All other features of the used materials and procedure are the same as those described for Study A.
The same analyses as in Study A were run on the data of the second-session exam. Table 3 shows the mean hit rates for the two types of items and for both the practiced and the unpracticed groups of Study B. Clearly, hit rates seemed to be overall close to 50 percent, with the exception of participants unpracticed on TOT-related items, whose performance noticeably decreased. This pattern was confirmed by a significant group by item-type interaction, F(1, 232) = 71.62, MSE=3.24, p<0.05, η²= 0.13. Also, there was a significant effect of group F(1, 232) = 107.70, MSE=2.15, p<0.05, η²= 0.19, and item-type F(1, 232) = 70.63, MSE=3.28, p<0.05, η²= 0.13, although the relevance of these effects is clearly limited by the pattern of the significant interaction.
|Non-target items||Target items||Difference|
A fairly parallel pattern of results can be seen in Table 4. The interaction was also significant for the net value means F(1, 232) = 37.72, MSE=6.15, p<0.05, η²= 0.07, as well as the main effects (F(1, 232) = 84.37, MSE=2.75, p<0.05, η²= 0.17, for the group, and F(1, 232) = 32.58, MSE=7.12, p<0.05, η²= 0.06, for the item-type factor).
|Non-target items||Target items||Difference|
Overall, the data of this Study B support the idea that items regarding the TOT procedure were relatively more difficult for our students. Nevertheless, not surprisingly, those engaged in the TOT-practice were able to normalize their performance on these items up to their achievement at the control items.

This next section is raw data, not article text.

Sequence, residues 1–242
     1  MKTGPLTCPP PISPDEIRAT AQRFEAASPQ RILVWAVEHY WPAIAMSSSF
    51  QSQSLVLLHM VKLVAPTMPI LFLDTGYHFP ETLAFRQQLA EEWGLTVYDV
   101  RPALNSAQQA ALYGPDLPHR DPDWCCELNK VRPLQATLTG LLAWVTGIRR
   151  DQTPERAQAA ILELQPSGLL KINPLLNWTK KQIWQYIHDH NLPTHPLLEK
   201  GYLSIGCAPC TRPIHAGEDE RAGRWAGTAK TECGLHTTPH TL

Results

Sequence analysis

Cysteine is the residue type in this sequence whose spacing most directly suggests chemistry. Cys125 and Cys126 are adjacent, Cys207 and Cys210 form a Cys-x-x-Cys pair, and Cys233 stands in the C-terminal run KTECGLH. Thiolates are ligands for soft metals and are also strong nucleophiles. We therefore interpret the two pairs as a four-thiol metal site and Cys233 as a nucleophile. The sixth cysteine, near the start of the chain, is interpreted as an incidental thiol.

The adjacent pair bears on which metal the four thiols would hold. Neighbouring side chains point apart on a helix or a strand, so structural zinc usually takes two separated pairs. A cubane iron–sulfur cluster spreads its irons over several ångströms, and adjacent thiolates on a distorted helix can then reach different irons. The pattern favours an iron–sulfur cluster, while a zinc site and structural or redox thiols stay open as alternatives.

Before drawing conclusions from our research, it should be acknowledged that our experimental procedure does not perfectly fit the purest definition of an experimental design, mainly due to our participants not having been randomly assigned to the experimental conditions (Campbell & Stanley, 1966). Yet, the contrast between target and non-target items for both practiced and unpracticed participants seems to give us reasons to confidently draw some conclusions: the within-session patterns of both, session A and B taken together, amount to the effectiveness of practicing with the TOT application through the internet. Notice that our conclusion gains generalizability from the fact that the studies were run along the ordinary course-term development in our distance education university.
From the American Psychological Association, Steven Beckler (2014a, 2014b) has emphasized that most of the contents typically dealt with in an undergraduate Psychology course are included in the category code 42.2799 within the Classification of Instructional Programs (CIP) system used by the U.S.A. Nation Center for Education Statistics (NCES). The interesting issue here is that this CIP code is usually included by some leading institutions in the STEM (Science, Technology, Engineering, and Mathematics) group. Indeed, as it is the case for most of the STEM disciplines, Psychology courses for distance education have to cope with the specific difficulties produced by the lack of a direct access to lab facilities by the students. Our research was aimed at showing how some of the shortcomings for Psychology as a STEM discipline in a distance education institution could be overcome. Thus, our data add to those showing that for Psychology to be considered as a STEM discipline, the use of computers as lab analogues can be very profitable to spread among students “the critical idea that human thought and behavior can be studied scientifically” (Breckler, 2014b, p. 48; see also Gurung et al., 2016).